As she breast­feeds Fern on the liv­ing-room re­cliner, her other daugh­ter, Rowan, al­most six years old, ar­rives home from Grade 1. Rowan says she is happy to have a sis­ter and her mom home safe. “ It’s a good thing she had it in the hos­pi­tal. But they had to cut her open,” Rowan says.

Sut­tie es­ti­mates she only gained about 15 pounds dur­ing the preg­nancy and that she nor­mally has weight fluc­tu­a­tions.

“ I was ac­tu­ally get­ting frus­trated be­cause I was do­ing all this hik­ing with my dad and he was start­ing to lean out and I was get­ting a lit­tle rounder around my belly.

“ I felt fine. I was go­ing camp­ing, chop­ping wood. We have a big ca­noe and I’d put it on and off the van, all the stuff I usu­ally do.”

And what of the other signs that might have sug­gested preg­nancy? Did she no­tice the baby kick­ing? “ There was a lit­tle bit of kick­ing. Again, I thought it was in my head.”

The lack of pe­ri­ods? “ I did have light spot­ting a few times. Af­ter a mis­car­riage, it’s not that un­com­mon not to get back to your reg­u­lar cy­cle right away. I have pretty late pe­ri­ods, any­ways, so I wasn’t think­ing any­thing of it.”

Food crav­ings? “ I did have them — yo­gurt, fruit, ice-cream, a lot of dairy stuff.”

Morn­ing sick­ness? “ I did, but that was when I knew I was preg­nant, be­fore I mis­car­ried.”

Sut­tie adds that she broke up with her boyfriend, Fern’s fa­ther, right af­ter the mis­car­riage so there was no rea­son to think she was preg­nant from hav­ing fur­ther sex. They are still not to­gether.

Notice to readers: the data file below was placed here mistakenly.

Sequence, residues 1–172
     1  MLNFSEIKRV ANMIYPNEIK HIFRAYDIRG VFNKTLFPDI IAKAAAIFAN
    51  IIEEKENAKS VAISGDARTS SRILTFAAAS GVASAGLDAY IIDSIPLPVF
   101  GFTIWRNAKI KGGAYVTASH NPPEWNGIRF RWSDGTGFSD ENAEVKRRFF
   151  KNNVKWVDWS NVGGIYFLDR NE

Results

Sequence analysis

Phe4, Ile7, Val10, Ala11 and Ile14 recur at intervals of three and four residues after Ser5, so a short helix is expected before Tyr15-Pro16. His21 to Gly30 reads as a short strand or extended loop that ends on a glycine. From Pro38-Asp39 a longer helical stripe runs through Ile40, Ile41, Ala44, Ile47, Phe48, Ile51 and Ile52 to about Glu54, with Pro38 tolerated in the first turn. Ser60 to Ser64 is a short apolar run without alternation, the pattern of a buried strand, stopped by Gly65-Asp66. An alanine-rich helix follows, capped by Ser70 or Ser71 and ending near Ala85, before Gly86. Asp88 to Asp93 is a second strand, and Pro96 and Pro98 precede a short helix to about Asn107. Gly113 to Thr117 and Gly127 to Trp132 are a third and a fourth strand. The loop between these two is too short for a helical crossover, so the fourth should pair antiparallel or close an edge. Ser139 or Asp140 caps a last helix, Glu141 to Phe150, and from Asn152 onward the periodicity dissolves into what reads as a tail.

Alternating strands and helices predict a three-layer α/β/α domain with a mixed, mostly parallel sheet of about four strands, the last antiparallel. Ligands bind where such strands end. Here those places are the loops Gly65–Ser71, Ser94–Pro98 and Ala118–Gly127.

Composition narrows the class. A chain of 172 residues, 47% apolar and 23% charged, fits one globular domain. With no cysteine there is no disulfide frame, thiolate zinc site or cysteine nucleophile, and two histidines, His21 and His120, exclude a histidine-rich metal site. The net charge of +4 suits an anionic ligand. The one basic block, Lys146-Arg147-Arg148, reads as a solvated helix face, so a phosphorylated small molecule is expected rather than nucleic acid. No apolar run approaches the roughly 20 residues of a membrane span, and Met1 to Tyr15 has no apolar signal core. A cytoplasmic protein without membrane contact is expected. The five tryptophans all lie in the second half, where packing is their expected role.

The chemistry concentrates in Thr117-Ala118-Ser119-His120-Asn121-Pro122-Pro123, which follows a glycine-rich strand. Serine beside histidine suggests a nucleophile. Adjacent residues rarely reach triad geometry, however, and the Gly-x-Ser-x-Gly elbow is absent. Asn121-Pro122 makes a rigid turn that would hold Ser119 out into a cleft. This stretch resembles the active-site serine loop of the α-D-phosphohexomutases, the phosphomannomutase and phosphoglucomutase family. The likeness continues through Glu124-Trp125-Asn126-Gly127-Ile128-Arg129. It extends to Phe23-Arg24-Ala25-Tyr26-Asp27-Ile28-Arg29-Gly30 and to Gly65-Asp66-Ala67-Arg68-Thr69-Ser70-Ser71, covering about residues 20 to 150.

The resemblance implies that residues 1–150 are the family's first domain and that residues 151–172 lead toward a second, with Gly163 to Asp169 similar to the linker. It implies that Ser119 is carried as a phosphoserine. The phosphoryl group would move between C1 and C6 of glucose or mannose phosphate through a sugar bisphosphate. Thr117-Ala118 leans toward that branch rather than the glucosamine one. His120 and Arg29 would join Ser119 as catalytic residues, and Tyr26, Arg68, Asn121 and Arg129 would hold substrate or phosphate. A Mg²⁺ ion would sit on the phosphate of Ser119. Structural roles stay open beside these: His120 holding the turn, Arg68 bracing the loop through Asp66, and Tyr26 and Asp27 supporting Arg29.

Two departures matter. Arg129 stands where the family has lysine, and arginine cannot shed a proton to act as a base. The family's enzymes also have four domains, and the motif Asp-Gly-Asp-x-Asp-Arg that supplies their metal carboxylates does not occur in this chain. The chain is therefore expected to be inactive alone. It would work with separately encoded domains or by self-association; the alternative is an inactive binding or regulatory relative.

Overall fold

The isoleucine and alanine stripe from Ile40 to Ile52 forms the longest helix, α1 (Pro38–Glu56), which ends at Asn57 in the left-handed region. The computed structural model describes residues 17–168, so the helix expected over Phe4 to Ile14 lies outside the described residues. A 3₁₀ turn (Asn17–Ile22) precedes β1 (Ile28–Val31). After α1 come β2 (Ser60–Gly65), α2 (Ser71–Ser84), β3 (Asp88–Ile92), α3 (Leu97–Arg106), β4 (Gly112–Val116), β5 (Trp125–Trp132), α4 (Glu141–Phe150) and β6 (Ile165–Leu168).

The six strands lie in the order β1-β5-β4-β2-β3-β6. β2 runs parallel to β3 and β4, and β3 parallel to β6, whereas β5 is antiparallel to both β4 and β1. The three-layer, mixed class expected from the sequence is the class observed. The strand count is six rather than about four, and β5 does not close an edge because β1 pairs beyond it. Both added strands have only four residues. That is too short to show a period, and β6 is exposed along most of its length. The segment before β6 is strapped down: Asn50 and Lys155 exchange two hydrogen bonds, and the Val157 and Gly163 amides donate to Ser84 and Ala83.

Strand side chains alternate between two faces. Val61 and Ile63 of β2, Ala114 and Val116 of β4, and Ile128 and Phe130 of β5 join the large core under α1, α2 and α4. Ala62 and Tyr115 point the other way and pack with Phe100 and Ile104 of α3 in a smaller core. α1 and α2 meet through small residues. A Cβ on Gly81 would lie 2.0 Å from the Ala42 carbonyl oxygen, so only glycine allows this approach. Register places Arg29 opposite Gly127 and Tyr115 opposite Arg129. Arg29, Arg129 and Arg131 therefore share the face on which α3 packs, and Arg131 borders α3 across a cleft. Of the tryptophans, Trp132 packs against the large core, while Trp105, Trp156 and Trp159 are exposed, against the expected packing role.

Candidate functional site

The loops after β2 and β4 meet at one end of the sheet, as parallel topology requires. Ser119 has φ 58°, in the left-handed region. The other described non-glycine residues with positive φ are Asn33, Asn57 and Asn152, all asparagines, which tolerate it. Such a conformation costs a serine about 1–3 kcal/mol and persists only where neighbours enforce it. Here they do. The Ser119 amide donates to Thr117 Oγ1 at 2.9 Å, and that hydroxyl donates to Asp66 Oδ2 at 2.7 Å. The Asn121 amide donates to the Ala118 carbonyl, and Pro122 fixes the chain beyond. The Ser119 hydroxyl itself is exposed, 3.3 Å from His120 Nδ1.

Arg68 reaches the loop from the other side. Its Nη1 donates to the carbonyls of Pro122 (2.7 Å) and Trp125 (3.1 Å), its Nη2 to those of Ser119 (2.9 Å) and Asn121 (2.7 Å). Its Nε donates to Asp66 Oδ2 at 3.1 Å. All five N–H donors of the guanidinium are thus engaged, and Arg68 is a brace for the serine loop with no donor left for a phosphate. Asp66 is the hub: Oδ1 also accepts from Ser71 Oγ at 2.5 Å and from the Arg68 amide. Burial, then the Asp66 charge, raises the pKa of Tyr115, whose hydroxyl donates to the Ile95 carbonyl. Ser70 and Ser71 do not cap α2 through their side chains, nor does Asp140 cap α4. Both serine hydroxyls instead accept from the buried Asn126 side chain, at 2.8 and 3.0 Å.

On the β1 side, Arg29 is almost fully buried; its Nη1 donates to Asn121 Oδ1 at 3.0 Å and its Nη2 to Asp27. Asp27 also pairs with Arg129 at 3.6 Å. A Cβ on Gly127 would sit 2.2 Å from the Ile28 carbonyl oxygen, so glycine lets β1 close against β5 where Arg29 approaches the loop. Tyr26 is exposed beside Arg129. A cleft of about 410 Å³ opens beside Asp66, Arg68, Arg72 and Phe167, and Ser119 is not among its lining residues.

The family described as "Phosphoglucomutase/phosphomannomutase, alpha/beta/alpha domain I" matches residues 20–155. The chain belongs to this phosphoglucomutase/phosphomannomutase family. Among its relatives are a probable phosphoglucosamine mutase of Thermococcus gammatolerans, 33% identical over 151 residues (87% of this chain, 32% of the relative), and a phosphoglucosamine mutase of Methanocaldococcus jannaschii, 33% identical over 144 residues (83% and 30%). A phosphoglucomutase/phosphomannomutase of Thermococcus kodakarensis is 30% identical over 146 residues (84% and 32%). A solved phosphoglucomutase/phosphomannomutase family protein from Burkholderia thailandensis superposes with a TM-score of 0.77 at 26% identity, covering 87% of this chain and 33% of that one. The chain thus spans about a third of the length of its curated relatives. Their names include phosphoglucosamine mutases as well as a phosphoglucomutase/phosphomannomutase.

Sut­tie and her dad be­gan the chal­leng­ing 75-kilo­me­tre West Coast Trail hike at Port Ren­frew on south­west­ern Vancouver Is­land on the af­ter­noon of Aug. 29 head­ing north.

“ Right from the get-go I felt kind of weak,” she con­tin­ues.

“ I didn’t feel like my­self. We weren’t mak­ing the kilo­me­tres we’d planned on. I know my­self, and I was not per­form­ing the way I usu­ally do.

“ There are lots of fallen trees you have to scram­ble over and he was hav­ing to help pull me over them. A cou­ple of times I’d take my pack off and hand it to him.”

She sol­diered on for two days be­fore she slipped on Aug. 31, twist­ing her right an­kle, which turned pur­ple.

“ Be­cause I was weak, I stepped off of a board­walk and rolled my an­kle re­ally bad. I fell face-first into a big pile of ferns [ yes, that’s where her daugh­ter got her name] and onto my stom­ach. That’s when I had what I now know were my first con­trac­tions that put me into labour.”

Still, she con­tin­ued to hike north over the tough­est por­tion of the trail, stop­ping as the cramps dic­tated. “ I am go­ing up rick­ety lad­ders, stop­ping and hold­ing on to have a con­trac­tion. I thought it was the worst pe­riod of my life.”